12 Disney Movies You're Still Having Nightmares About Even Years Later

by S. Atkinson
Walt Disney Pictures

Disney movies were meant to be for kids — so why were they so damn scary? While you might have been too cool to admit at the time that they gave you the chills, now that you're an adult it's OK to say that there were way too many terrifying Disney movies that kept you up at night. Let's be real. The bright colors and the major chord melodies were all just there to distract from the innate horror of some of those stories.

Trading your voice for legs and hoping a complete stranger would find your silent self attractive enough to kiss? Inadvertently contributing to your father's murder, raising yourself as an orphan, and having to defeat your wicked uncle to take back a throne? Sentient toys who move around your house and live full lives when you aren't looking at them? Honestly, these scenarios are enough to make your mind reel forever, and yet they still form the central story of some of the most beloved Disney movies of all time.

Make sure you've got a pillow to hide behind, because we're going to delve into some of the darkest moments in films that were at least theoretically made to delight kids.


'Toy Story'

One word: Sid. The braces, the sadism, his murderous pet dog, and the creepy toy experiment that meant he glued a one-eyed shaven baby doll head onto metal spider legs. Few horror movies can compare to Sid's plan to blast Buzz into space (and shreds) on a firework.


'Snow White and the Seven Dwarfs'

The Queen is so insecure about growing older and no longer being the most beautiful that she orders the murder of her lovely stepdaughter. Maybe this wasn't the hiding-behind-your-sofa kind of terrifying so much as the slow, creeping build of paranoia that an adult women's worth was entirely measured by their looks.


'The Lion King'

Lion King was the film that took your crush on Jeremy Irons to a dark place when he voiced Scar. Wow, this movie had all the scary stuff. The hyenas were terrifying, it drove home that adults were mortal, too, and the fact that Simba kind of did help his dad get murdered created a whole new childhood fear (that somehow you'd help cause your parents' deaths). This movie got way too real.


'The Little Mermaid'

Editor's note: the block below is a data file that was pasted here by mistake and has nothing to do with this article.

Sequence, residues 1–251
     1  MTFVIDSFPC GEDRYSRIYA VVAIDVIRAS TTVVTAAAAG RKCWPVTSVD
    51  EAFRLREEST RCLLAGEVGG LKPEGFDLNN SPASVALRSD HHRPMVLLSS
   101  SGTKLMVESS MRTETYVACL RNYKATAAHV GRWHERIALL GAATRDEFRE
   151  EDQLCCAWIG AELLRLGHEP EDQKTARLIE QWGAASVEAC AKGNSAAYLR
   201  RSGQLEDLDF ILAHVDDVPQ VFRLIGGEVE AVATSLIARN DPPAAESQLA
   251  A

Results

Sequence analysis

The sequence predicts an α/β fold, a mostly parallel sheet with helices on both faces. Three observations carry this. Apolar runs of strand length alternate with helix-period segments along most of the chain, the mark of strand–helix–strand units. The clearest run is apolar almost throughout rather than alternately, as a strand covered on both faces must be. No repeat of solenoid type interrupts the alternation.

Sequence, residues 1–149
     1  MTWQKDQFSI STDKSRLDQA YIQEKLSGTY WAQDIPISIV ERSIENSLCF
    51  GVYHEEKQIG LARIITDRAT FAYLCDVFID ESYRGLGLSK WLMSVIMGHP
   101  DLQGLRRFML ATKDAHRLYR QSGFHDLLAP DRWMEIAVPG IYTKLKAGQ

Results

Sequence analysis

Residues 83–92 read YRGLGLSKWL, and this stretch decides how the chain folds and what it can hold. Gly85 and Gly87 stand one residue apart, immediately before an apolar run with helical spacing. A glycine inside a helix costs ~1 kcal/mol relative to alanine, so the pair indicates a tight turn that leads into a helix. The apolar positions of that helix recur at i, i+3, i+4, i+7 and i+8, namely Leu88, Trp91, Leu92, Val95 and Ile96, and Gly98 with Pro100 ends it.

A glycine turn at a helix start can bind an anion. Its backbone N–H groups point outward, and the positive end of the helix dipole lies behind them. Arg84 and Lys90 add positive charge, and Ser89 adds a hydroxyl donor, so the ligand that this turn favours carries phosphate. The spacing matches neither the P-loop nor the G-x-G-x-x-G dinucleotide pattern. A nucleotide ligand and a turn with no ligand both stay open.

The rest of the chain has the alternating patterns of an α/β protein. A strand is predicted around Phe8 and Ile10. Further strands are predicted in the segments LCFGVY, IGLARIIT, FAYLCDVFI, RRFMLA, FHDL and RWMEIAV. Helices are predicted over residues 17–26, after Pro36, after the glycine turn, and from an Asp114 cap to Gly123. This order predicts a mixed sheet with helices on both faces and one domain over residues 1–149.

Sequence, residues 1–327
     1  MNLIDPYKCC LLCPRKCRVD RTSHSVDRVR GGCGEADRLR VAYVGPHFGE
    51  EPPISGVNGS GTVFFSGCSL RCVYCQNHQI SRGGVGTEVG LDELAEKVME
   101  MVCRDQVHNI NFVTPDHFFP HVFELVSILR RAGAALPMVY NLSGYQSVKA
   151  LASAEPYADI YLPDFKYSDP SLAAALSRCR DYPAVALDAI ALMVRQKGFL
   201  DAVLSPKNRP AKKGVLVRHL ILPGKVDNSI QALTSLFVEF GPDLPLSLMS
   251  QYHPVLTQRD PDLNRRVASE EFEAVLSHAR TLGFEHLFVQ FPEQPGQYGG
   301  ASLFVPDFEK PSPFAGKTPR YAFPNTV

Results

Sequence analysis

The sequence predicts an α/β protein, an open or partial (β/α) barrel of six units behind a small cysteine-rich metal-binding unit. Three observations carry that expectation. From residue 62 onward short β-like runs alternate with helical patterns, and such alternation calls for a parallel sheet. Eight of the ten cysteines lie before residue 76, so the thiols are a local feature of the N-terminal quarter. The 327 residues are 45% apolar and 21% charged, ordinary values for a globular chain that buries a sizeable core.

Ariel makes a binding contract with Ursula that, if she doesn't manage to share true love kiss with Eric in three days, she'll be turned into one of the writhing polyps that line Ursula's lair. Thanks to some scheming on sea witch's part, she doesn't get that kiss, and Triton ends up sacrificing himself for the sake of his daughter. Watching that ripped bod turn into a little wizened creature, recognizing that Triton is trapped in a strange form theoretically for eternity, and knowing that the sea kingdom is doomed because Ariel was restless is scary as f*ck. It says deny your teenage feels or world politics will be destroyed.


'Sleeping Beauty'

Maleficent was not a character for kids. She had horns, could change into green fire at will, and was the world's pettiest villain. Really? She's really going to curse a baby to die before she hits 16 just because she didn't score a party invite? Presumably, this filled kids with horror every time it came to figuring out who to invite to their birthday party. Also, her plot to keep Prince Phillip locked away until he's an old man and then release him, allowing him to gaze upon the face of the woman he fell in love with, who hasn't aged a day, is a whole new dimension of awful.



Watching the tiny adorable deer's mom get brutally murdered was really not OK. Not for kids, not for adults, not for anyone.


'Beauty and the Beast'

Theoretically, the Beast should have been the scary part. After all, he does hold Belle there against her will. But Gaston firing up the villagers until they form an angry mob and start marching on the castle with fire and pitchforks is freaking terrifying because, even as children, viewers probably knew talking Beasts weren't possible, but civilian stupidity was. This was made worse by the fact that the villagers had seemed so sweet and innocent in the opening scene, so you can't trust anyone.



Can we please talk about Shan Yu? The dude had the physical strength of ten men and a ruthless killer instinct. He was basically nightmare fodder for the next five years of your life.


'Peter Pan'

Captain Hook is literally trying to murder a child. Sure, that child can fly, but still. It's not great. It's just infanticide set to a catchy soundtrack.


'The Black Cauldron'

A band of plucky kids have to take on an adult, the Horned King, who has an immense amount of power and is set on world domination. So a totally chill scenario, basically.



The "Night On Bald Mountain" sequence is more goosebump-inducing than the first three Saw movies all watched one after the other. That devil god, the panicky music, and the souls of the dead being thrust one after another into the fire. Guys, this is awful.



This film feels like it was specifically designed to scar kids forever. For one thing, it suggests that all your lies will be found out. But so much worse than this is Pleasure Island, where kids get to have what looks like fun. Oh right, but nobody gets to smoke and gamble underage without consequence in a Disney movie, so obviously all these children get turned into donkeys and sold into slave labor. Creepy.

So, basically, Disney movies weren't always about delighting children with (mostly) animated versions of fairy tales. As the above shows, sometimes, their films were about creating fodder for lifelong nightmares.